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Layne v. Berryhill

United States District Court, E.D. Arkansas, Jonesboro Division

November 13, 2017

CHRISTOPHER LAYNE PLAINTIFF
v.
NANCY A. BERRYHILL, Acting Commissioner, Social Security Administration DEFENDANT

          ORDER

         I. Introduction:

         Plaintiff, Christopher Layne, applied for disability income benefits and supplemental security income benefits on June 19, 2014, alleging his disability began on May 1, 2012. (Tr. at 11). His claims were denied initially and upon reconsideration. Id. After conducting a hearing, the Administrative Law Judge (“AALJ") denied Layne's application on November 4, 2015. (Tr. at 23). The Appeals Council denied his request for review. (Tr. at 1). The ALJ's decision now stands as the final decision of the Commissioner, and Layne has requested judicial review.

         For the reasons stated below, the Court[1] affirms the decision of the Commissioner.

         II. The Commissioner's Decision:

         The ALJ found that Layne had not engaged in substantial gainful activity since the alleged onset date of May 1, 2012 (Tr. at 13). At Step Two of the five-step analysis, the ALJ found that Layne has the following severe impairments: degenerative disc disease of the lumbar spine and status post discectomy; obstructive sleep apnea; hypertension; obesity; generalized anxiety disorder; depression; and Haglund's deformity. (Tr. at 14).

         After finding that Layne's impairments did not meet or equal a listed impairment (Tr. at 14), the ALJ determined that Layne had the residual functional capacity (“RFC”) to perform the full range of sedentary work, except that: (1) he cannot climb ladders, ropes, or scaffolds; (2) the work must not require balancing duties; (3) he can only occasionally climb ramps and stairs; (4) he can only occasionally stoop, kneel, crouch, and crawl; (5) he must be able to access a work station area with a cane as needed; (6) he cannot be exposed to hazards in the work place; (7) he must avoid exposure to unprotected heights; (8) the work must not require any left lower extremity foot control operation; (9) the work must not require contact with the general public; (10) interpersonal contact must be no more than incidental to the work performed; (11) the supervision required is simple, direct, and concrete; and (12) the work must be limited to SVP 1 or 2 jobs that can be learned in thirty days.[2] (Tr. at 16-17).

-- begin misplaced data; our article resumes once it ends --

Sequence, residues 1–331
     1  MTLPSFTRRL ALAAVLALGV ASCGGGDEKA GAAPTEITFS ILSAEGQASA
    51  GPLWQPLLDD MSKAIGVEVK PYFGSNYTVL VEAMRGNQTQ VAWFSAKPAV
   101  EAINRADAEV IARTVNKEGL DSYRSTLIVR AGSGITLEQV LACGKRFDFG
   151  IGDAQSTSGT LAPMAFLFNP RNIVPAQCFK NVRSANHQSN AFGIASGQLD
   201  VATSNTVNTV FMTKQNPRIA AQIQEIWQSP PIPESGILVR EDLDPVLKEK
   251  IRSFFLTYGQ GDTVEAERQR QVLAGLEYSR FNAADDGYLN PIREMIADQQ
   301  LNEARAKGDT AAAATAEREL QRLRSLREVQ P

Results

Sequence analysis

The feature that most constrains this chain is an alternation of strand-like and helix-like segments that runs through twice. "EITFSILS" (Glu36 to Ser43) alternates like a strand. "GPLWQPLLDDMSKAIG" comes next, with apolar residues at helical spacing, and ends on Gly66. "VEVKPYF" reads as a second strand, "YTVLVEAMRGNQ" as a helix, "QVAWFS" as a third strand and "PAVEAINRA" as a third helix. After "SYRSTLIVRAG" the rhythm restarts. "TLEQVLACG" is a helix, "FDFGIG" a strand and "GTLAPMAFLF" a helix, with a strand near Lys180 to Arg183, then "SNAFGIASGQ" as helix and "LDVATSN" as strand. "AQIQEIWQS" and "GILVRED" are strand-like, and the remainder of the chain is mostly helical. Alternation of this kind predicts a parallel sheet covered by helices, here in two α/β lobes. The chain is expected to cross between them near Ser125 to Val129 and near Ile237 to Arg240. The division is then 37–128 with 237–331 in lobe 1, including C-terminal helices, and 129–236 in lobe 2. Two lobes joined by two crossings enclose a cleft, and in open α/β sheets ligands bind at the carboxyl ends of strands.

Next, the ALJ found that Layne was not capable of performing any past relevant work. (Tr. at 21). At Step Five, the ALJ relied on the testimony of a Vocational Expert (“VE”) to find that, based on Layne's age, education, work experience and RFC, jobs existed in significant numbers in the national economy that he could perform at the sedentary level with the added limitations, specifically, lampshade production assembler and general office clerk (document preparer). (Tr. at 22-23). Based on that Step Five determination, the ALJ held that Layne was not disabled. Id.

         III. Discussion:

         A. Standard of Review

         The Court's function on review is to determine whether the Commissioner's decision is supported by substantial evidence on the record as a whole and whether it is based on legal error. Miller v. Colvin, 784 F.3d 472, 477 (8th Cir. 2015); see also 42 U.S.C. § 405(g). While Asubstantial evidence" is that which a reasonable mind might accept as adequate to support a conclusion, Asubstantial evidence on the record as a whole" requires a court to engage in a more scrutinizing analysis:

[O]ur review is more than an examination of the record for the existence of substantial evidence in support of the Commissioner's decision; we also take into account whatever in the record fairly detracts from that decision." Reversal is not warranted, however, Amerely because substantial evidence would have supported an opposite decision."

Reed v. Barnhart, 399 F.3d 917, 920 (8th Cir. 2005) (citations omitted).

         It is not the task of this Court to review the evidence and make an independent decision. Neither is it to reverse the decision of the ALJ because there is evidence in the record which contradicts his findings. The test is whether there is substantial evidence in the ...


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